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Ancient Greece

  • Military History Magazine

    Troy’s Night of the Horse

    The Trojans got tricked, but did the Greeks need a wooden horse? He is the last Greek at Troy. Pale in the morning light, he looks like a weak, ragged runaway. But looks can deceive. Sinon, as he is called, claims to be a deserter— the...

  • Military History Magazine

    Can We Trust the Ancient Texts?

    Some were found lying alive with their thighs and hams cut, laying bare their necks and throats, bid them drain the blood that remained in them. Some were found with their heads plunged into the earth…having suffocated themselves by...

  • Military History Magazine

    What We Learned: from Cynoscephalae

    Cynoscephalae was the first battle in the campaign of Roman imperialism against Macedonia and the eastern Mediterranean. It was also the first clash of two rival military systems: the Greek spear phalanx and the Roman sword legion. For 300...

  • Military History Magazine

    Interview: Paul Cartledge- East vs. West at Thermopylae

    Cambridge classicist Paul Cart- ledge has spent more than three decades studying the civilization of ancient Greece, lately focusing on the unique culture of Sparta. He considers the Spartans’ “last stand” at Thermopylae a pivotal...

  • Military History Magazine

    Decision at Plataea, 479 BC

    For the Greeks, victory would secure autonomy— defeat would mean Persian domination. Marathon and Miltiades, Salamis and Themistocles, Thermopylae and Leonidas—such names resonate in the annals of the 5th century BC Greco-Persian Wars....

  • Military History Magazine

    Military History Review: Great War Nations

    Great War Nations: The Spartans by Dreamcatcher Interactive, 2008, $39.99. Great War Nations: The Spartans draws on campaigns from two historic periods—Sparta’s decline as the dominant Greek city-state and the unification of Greece...

  • MHQ Magazine

    The Athenian Century

    For the better part of a hundred years, Athens commanded an empire to be reckoned with. But the Parthenon and every other emblem of the polis's greatness rested on a watery foundation: the navy...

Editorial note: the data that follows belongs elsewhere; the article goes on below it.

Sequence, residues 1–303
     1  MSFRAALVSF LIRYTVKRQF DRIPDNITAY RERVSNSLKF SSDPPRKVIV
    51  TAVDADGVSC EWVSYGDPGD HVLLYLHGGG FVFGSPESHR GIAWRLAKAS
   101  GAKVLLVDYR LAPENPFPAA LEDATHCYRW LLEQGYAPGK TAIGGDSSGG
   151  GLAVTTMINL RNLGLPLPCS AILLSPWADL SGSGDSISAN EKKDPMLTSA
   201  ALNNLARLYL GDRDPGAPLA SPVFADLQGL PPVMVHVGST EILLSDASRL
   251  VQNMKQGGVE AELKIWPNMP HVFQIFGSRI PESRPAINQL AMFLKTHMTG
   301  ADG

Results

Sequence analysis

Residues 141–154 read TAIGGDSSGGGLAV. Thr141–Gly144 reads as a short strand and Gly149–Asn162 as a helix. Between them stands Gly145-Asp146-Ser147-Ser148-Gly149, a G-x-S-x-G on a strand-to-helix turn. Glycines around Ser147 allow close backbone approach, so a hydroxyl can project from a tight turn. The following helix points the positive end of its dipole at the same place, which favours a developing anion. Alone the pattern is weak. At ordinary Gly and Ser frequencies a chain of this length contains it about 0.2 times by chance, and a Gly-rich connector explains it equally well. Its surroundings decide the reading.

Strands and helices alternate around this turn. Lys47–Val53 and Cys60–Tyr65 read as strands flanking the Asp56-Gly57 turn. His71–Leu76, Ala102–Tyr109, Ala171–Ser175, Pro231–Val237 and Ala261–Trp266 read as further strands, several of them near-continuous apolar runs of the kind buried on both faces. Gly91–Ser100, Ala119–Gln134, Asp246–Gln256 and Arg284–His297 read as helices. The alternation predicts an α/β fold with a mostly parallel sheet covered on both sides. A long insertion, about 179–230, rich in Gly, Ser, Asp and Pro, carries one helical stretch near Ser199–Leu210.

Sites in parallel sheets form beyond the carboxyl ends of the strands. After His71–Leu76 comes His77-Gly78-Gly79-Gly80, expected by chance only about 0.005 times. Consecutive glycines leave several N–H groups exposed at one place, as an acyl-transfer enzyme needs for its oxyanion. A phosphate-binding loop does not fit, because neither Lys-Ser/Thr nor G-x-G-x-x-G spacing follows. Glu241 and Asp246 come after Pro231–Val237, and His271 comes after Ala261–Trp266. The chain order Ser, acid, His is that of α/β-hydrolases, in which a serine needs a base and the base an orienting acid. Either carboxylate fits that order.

• MHQ Magazine

    Citizen Tyrants

    Athenian generals, elected to their positions, found that appeasing citizen overlords can spell disaster in the field. The Sicilian expedition of 415–413 BC proved disastrous for the Athenians. They had undertaken the venture during what...

  • Military History Magazine

    Birth of an Empire

    In 168 BC Roman legionaries and Macedonian phalangites fought to decide once and for all who would rule the ancient Mediterranean...

  • Military History Magazine

    The Genius of Philip II

    Western warfare that united Greece and enabled his son Alexander to conquer the world. The full moon cast long shadows across the 3,000 dead and wounded sprawled in grotesque piles throughout the meadow. Moans disturbed the night’s...

  • Military History Magazine

    What We Learned: from the Battle of Salamis

    In the spring of 480 Xerxes led 180,000 soldiers over a pontoon bridge across the Hellespont BC, Persia’s King and invaded Greece. Accompanied by 1,207 warships and 3,000 transports, Xerxes intended to destroy Athens to avenge the defeat...

  • Military History Magazine

    Military History Review: Heroes

    “Heroes: Mortals and Myths in Ancient Greece” Through Jan. 3, 2010 Walters Art Museum 600 N. Charles St. Baltimore, Md., (410) 547-9000, www.thewalters.org Heroes—mortal and mythological— garnered godlike reverence in ancient...

  • MHQ Magazine

    The End of Athens

    A demagogue, a treacherous ally, and a brutal Roman general destroyed the city-state—and democracy—in the first century BC. Two scenes from Athens in the first century BC: Early summer, 88 BC A cheering crowd surrounds the envoy...

  • Military History Magazine

    The Great Greek Turncoat

    During the 431–404 BC Peloponnesian War, the unscrupulous Alcibiades was a victorious general—for all sides. In one of his lesser-known plays, Timon of Athens, William Shakespeare put a speech in the mouth of a supporting character...

  • Military History Magazine

    Military History Book Review: Song of Wrath

    Song of Wrath: The Peloponnesian War Begins  by J.E. Lendon, Basic Books, 2010, $35 For more than a generation Peloponnesian War studies have been an educational staple for diplomats and soldiers alike. Readers of Thucydides’...

  • MHQ Magazine

    Marathon Men

    The conventional wisdom is that the Athenians at the Battle of Marathon were amateur soldiers who won by chance. In reality, they were the Israel Defense Force of their day—smart, highly trained, and merciless. Before dawn on September...